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14 of 15 people found the following review helpful
5.0 out of 5 stars Part of a Royal Trilogy, 5 Oct 2004
This review is from: Chausson: King Arthur (Audio CD)
'Le Roi Artus' by Ernest Chausson and 'Ariane et Barbe-bleue' by Paul Dukas have always stood in the shadow of that towering masterpiece by Claude Debussy, 'Pelléas et Mélisande'. While a lot has been written about 'Pelléas' (and its debt to Tristan as well as its rejection of it) and 'Barbe-bleue' (and its debt to Pelléas as well as its clear individuality),'Arthus' seems crushed between them. Rarely staged, this CD gives us the chance to judge for ourselves. Without the visual references, one gets the impression that the philosophy of Chausson and Debussy was quite similar, but that their means differed: in 'Arthus' the game of musical motives and the counterpoint of color and orchestration are even more important (though one can hardly claim that orchestration is devoid in Pelléas and certainly Barbe-bleue).
That Chausson composed it was only natural: he was innured in Celtic literature, the Medieval arthurian writings of Chrétien de Troyes and off course of Wagner; but 'Arthus' turns resolutely to the future.
This opera is not (as are numerous countings of the legend) about Lancelot and Guinevere (with Arthur as a sympathetic, yet feeblish bystander), but gives priority to Arthus' imperilled mission of faith (which removes it from Tristans' Schopenhauerian pessimism). He remains impotent, true, but only when faced to the fact that life inevitably declines to death and that even good is capable of the worst. Arthus puts his mission in society above fortuitous circumstances.
Do not hesitate to try this opera out: as stated, it is part of a Triptych of French opera of the turn of the century and is a masterpiece on its own right.
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1 of 1 people found the following review helpful
4.0 out of 5 stars Fin de siècle Wagnerian epic, 5 Oct 2012
By 
Ralph Moore "Ralph operaphile" (Bishop's Stortford, UK) - See all my reviews
(TOP 50 REVIEWER)   
This review is from: Chausson: King Arthur (Audio CD)
I have been listening of late to two somewhat rare French operas from the late 19C, both of which share a Wagnerian harmonic and even thematic musical language: this and Magnard's "Guercoeur". I have to say that I find Chausson's opera the more entertaining, though neither quite lives up to being invariably absorbing for me and I cannot be quite as enthusiastic as some previous previewers.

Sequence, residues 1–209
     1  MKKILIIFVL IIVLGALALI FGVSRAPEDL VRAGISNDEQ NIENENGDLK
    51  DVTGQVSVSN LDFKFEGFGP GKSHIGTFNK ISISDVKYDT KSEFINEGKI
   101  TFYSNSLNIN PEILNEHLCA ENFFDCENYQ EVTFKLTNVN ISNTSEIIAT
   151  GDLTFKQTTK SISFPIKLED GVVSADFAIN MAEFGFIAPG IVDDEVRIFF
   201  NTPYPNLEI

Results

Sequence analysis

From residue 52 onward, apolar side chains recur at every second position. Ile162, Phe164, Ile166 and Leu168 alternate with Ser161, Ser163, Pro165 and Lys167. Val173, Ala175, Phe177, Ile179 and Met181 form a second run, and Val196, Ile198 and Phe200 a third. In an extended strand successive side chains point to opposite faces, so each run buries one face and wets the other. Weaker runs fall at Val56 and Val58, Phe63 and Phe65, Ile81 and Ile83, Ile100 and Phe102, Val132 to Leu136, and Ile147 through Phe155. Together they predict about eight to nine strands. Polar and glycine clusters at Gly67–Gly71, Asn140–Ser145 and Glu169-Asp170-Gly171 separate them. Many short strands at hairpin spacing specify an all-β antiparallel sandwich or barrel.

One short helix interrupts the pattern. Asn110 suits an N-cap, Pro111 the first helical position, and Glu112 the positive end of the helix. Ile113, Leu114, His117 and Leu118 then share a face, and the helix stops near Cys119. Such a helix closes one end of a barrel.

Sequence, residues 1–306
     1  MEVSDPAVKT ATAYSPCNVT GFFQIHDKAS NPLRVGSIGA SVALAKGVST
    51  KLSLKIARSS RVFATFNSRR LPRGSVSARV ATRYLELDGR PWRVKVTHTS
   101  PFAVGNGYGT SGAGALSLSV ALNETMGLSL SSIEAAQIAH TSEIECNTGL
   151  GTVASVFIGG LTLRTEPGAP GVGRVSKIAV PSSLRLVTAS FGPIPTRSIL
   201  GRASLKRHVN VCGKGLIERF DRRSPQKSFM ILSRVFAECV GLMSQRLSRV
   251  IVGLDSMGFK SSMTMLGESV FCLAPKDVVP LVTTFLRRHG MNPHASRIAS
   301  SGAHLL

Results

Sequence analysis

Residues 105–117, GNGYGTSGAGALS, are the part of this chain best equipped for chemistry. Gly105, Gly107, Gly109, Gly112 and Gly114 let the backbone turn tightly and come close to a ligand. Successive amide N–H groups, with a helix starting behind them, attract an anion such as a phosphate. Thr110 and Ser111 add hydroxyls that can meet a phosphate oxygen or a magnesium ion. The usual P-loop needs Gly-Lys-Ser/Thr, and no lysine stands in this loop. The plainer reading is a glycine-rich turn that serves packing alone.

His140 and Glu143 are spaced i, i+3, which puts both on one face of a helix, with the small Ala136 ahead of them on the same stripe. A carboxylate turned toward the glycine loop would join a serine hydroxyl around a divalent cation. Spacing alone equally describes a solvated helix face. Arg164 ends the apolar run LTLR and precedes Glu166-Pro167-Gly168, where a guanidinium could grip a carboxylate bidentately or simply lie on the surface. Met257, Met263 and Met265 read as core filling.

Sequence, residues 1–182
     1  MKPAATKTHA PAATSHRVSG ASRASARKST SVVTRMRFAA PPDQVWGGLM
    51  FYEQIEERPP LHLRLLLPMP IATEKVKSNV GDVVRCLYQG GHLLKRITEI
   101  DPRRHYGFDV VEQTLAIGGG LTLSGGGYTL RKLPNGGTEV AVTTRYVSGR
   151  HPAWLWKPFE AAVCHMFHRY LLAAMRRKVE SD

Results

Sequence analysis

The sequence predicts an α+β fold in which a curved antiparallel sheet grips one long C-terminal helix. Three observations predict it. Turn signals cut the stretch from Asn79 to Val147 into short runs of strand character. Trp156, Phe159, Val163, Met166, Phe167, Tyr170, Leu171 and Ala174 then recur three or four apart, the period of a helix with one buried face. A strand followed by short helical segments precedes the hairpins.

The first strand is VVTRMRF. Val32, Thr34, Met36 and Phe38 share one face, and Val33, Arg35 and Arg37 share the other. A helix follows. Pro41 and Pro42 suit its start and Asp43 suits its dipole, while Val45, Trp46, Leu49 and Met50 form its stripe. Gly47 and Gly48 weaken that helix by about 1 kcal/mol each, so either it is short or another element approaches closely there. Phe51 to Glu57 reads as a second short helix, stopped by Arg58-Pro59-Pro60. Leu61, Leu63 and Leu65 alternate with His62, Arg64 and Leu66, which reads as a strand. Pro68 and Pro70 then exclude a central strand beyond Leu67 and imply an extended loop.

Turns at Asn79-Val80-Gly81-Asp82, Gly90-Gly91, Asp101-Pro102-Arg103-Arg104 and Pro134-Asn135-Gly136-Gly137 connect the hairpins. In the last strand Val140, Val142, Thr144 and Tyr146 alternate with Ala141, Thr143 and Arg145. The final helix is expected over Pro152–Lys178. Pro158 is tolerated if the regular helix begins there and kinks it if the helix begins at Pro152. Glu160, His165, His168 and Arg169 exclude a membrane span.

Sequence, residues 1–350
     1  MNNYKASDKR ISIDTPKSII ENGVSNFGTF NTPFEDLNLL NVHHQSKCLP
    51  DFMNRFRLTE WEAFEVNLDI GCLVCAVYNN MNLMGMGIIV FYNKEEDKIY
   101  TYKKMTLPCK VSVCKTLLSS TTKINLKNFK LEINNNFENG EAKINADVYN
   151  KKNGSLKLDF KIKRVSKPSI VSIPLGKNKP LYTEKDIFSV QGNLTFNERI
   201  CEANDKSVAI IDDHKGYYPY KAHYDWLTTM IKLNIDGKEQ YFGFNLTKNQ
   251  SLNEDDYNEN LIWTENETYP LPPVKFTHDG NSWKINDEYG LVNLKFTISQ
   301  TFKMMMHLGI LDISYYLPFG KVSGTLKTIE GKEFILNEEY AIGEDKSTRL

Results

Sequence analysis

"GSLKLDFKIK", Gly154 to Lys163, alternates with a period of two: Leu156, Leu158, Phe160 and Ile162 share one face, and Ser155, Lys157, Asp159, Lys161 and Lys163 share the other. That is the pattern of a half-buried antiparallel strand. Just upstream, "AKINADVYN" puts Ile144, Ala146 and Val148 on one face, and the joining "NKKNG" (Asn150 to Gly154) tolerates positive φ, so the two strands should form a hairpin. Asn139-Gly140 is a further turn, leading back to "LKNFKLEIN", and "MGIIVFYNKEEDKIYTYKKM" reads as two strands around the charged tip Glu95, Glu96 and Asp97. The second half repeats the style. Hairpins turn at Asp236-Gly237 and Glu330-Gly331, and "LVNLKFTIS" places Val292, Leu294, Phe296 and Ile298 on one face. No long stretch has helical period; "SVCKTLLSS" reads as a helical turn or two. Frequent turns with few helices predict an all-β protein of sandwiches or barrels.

In some ways, despite the excellence of the cast, the most striking passages are the purely instrumental preludes and interludes, which are highly atmospheric and evocative without being especially memorable melodically speaking. Overlaying the Wagnerian substructure - which even includes appearances of the "Tristan chord", there is frequent evidence of Debussy's specific, practical influence over the score but it never quite assumes the unique, translucent colouring of "Pelléas et Mélisande", remaining rooted in a more conventional Romantic world, both in terms of the music and the plot firmly based on Arthurian legend. Chausson was an avid reader of Celtic legend and concocted his own, sometimes slightly gauche libretto in which he depicts the lovers, Lancelot and "Genièvre" as faintly distasteful, their love being rather more tainted by a deviousness and selfishness, without the redeeming intensity which ennobles the love of Tristan and Isolde.

Parallels with that greater opera are many and they are not just musical. In many ways, the quality of the opera improves as it progresses and there is much in Act 3 which is highly effective, such as Guinevere's final scene in which she commits suicide by strangling herself with her own hair (a macabre, ironic twist - as it were - on an idea reminiscent of Mélisande).

The singing, playing and Jordan's conducting are first class. I am especially impressed by the power and noble beauty of Gino Quilico's baritone as Arthus, Teresa Zylis-Gara is pure, flexible and intense as the adulterous queen, Winbergh, despite occasionally unidiomatic French, is beefy and impassioned as Lancelot while Gilles Cachemaille, in his earlier days when he was more bass than baritone, puts in a very effective cameo appearance as Merlin. The smaller roles, often again reminiscent of Kurwenal, the Shepherd and the supporting parts in Berlioz's "Les Troyens" like Hylas and Iopas with their little showpiece arias, are mostly beautifully sung by such as Thierry Dran as the Ploughman and René Massis as Mordred (who plays a role in the plot equivalent to that of Melot in "Tristan"), although a more mellifluous tenor than that belonging to Gérard Friedmann would have made more of Lyonnel (a combined Kurwenal-Brangäne function).

Chausson laboured and agonised over this opera and I would like to think that greater acquaintance with its music will deepen my appreciation of it. Perhaps it merits a revival given the evident mastery of its craft and the coherence and appeal of its subject; meanwhile we are unlikely to get better advocacy of its merits on disc.
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Chausson: King Arthur
Chausson: King Arthur by Ernest Chausson (Audio CD - 1999)
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